This entry is cross-posted at http://yourhealthisonyourplate.com .
I spent most of the day yesterday on Orchard Street on the Lower East Side of Manhattan. Not literally. I was reading Jane Ziegelman’s new book, 97 Orchard: An Edible History of Five Immigrant Families in One New York Tenement. I wanted to know what they ate in the days before Crisco, Cool Whip, corn syrup, and Cocoa Puffs.
Avi Rubel is the North American Director of Masa Israel Journey, the umbrella organization for immersion programs in Israel for young adults (18-30). When not sending people to Israel, Avi can be found making cheese, bread, kombucha or fermenting or pickling all kinds of goodies in his Brooklyn apartment and recording his adventures on his food blog, Make Cheese Not War. In the weeks after the Hazon Food Conference, he shared some of his thoughts about his experience with Hazon in California.
Click below to read his posts:
My family are not big jam eaters. We’ve got assorted jars of various home-made kumquat and quince jams that friends have given us over the past year or so in the back of the fridge. Still, when the fruit on our little old apple tree is showing the first blush of red – before it turns mealy and gets attacked by bugs – I can’t resist cooking up a batch of apple butter and handing it out. Just the smell of simmering apples and spices sends me back to my early childhood in Minnesota and the giant apple tree in our backyard that had seven different varieties grafted on to it. My Mom would spend hours each fall stirring big pots of applesauce and apple butter to put up for the winter.
(cross-posted from The Wet Sprocket)
Until a friend recently told me about his foraging experience last week somewhere in a Bronx “forest,” I had never before heard of ramps. Ramps, also known as wild leeks, are a springtime treat on the East Coast. Ramps cannot be cultivated; they need to be foraged. That’s why they’re so expensive, so valued among New York City gourmands. My foraging friend harvested so many that he bartered a portion of his harvest for a meal at a nice restaurant, which featured the foraged treats.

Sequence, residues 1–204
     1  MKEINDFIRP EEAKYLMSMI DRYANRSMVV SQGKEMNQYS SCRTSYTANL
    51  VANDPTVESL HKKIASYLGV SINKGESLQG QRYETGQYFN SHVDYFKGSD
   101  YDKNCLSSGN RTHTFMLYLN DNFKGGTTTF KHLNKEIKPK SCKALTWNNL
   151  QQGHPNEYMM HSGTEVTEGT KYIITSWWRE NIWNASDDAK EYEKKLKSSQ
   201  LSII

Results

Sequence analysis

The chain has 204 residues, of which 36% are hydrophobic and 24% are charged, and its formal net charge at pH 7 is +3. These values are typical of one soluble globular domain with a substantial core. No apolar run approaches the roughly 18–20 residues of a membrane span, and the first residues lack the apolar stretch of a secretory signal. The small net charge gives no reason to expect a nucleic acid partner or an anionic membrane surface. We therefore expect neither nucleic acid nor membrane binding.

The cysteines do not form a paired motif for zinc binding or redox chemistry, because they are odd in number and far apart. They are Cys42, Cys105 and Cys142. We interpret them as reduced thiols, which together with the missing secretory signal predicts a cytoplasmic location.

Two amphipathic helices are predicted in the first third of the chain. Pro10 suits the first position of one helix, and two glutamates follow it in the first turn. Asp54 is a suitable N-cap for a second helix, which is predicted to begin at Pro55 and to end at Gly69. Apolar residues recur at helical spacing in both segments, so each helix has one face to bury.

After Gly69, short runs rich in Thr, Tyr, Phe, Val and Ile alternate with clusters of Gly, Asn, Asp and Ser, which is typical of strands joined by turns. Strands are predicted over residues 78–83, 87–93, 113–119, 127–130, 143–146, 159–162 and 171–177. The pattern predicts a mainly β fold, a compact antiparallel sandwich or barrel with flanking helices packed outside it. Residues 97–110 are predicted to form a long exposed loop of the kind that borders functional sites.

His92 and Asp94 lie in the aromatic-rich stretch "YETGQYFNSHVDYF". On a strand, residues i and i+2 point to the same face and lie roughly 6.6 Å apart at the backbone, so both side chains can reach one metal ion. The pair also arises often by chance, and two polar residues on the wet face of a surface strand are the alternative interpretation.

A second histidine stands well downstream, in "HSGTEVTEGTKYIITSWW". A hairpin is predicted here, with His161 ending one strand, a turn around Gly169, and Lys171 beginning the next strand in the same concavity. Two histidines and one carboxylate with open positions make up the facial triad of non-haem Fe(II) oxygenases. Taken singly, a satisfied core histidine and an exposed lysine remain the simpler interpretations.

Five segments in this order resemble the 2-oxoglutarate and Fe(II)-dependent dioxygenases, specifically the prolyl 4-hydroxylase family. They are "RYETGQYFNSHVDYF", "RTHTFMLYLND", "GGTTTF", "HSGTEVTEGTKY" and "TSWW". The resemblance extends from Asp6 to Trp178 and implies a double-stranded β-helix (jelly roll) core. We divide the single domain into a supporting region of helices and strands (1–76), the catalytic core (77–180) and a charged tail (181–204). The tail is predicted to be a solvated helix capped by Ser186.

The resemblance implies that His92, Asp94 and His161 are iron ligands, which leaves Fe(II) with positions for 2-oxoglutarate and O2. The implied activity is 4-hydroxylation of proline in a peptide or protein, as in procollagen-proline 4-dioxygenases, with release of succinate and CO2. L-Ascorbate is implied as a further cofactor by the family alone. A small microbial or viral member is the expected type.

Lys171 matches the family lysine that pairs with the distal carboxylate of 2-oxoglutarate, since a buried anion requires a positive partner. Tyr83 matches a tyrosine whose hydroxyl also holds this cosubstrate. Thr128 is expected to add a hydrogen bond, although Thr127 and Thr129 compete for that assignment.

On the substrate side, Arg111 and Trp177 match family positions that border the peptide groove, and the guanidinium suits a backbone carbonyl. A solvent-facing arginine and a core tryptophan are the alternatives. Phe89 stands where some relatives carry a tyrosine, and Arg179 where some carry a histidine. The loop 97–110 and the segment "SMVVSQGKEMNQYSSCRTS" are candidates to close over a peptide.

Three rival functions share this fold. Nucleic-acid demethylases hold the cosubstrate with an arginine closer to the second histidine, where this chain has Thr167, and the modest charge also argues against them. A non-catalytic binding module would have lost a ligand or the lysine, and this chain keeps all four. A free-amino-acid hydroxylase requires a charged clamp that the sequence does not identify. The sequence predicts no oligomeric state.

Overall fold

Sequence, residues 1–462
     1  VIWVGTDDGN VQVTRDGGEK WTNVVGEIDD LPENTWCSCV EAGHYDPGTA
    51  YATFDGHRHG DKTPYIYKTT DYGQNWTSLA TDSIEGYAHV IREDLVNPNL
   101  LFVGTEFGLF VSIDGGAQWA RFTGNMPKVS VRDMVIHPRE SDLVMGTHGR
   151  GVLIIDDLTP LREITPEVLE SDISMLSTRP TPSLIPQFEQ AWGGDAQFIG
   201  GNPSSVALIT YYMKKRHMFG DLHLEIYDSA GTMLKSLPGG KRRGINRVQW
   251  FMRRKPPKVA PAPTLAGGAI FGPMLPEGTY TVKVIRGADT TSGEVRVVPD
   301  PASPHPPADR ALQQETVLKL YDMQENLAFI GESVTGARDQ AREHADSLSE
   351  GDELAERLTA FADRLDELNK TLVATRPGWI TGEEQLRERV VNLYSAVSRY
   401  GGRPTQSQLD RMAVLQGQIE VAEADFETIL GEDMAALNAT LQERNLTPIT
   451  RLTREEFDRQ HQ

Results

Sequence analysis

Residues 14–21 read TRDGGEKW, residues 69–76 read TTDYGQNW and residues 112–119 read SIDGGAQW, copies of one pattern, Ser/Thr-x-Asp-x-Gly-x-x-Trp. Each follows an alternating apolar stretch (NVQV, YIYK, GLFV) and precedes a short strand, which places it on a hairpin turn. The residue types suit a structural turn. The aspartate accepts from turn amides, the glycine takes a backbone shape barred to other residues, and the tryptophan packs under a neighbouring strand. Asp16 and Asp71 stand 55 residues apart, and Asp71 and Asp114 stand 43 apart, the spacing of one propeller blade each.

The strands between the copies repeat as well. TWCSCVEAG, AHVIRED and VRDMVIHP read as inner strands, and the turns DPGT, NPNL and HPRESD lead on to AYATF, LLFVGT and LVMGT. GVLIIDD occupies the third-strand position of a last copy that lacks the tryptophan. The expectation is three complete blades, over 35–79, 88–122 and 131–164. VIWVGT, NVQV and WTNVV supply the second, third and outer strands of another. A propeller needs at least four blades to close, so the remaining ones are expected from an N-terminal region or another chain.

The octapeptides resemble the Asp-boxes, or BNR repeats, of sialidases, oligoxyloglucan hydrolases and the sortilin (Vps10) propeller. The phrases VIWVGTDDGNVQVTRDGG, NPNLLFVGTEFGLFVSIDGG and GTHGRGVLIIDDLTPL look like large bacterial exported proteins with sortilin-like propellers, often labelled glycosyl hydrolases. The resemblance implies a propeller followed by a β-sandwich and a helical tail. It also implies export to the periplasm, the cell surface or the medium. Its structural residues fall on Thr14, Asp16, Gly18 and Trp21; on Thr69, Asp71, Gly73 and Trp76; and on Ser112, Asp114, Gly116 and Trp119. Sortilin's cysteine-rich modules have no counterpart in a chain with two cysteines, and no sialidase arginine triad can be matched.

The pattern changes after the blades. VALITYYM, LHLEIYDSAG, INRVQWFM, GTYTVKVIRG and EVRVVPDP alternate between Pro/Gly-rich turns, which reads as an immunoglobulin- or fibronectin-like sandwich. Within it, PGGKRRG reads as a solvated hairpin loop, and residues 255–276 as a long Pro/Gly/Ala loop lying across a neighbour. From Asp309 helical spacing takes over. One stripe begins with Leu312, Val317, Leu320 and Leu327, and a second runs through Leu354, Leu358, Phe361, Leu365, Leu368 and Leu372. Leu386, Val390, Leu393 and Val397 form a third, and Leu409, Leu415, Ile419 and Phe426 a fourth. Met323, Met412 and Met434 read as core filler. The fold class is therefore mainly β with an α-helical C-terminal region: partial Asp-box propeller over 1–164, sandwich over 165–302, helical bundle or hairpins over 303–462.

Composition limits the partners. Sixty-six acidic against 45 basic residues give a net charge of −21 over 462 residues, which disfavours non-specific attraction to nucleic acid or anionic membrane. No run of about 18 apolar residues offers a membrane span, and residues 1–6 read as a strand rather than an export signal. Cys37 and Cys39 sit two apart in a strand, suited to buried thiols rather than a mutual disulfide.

Two days after hearing this story I began selling ramps at the farm stand in Brooklyn where I work. I talked them up all day long to those who hadn’t heard of them (before I even tasted them), but lots of folks were actually waiting all year long for them and ran up to the stand, usually exclaiming, “finally, you have them.”
One of the perks of operating a farm stand is that at the end of the day you get to take some extra stuff home.
While reading Eli Margulies’ recent recipe for poached pears using apple juice, I was reminded of my favourite apple juices. For our readers in England, this is a reminder of two delicious products they may already know about. And for our other readers, here is something you’ve probably never heard of, let alone even tasted. These juices are something I always look forward to drinking whenever I visit the UK. Even if they were exported (and I’m not sure they are: the food miles would be fearsome and the quality might suffer significantly!) there’s something about English apples that always makes me delighted to come back to the UK. So first, here are some thoughts on apples in general, in the US and the UK; for the juice recommendations, you’ll have to read to the end.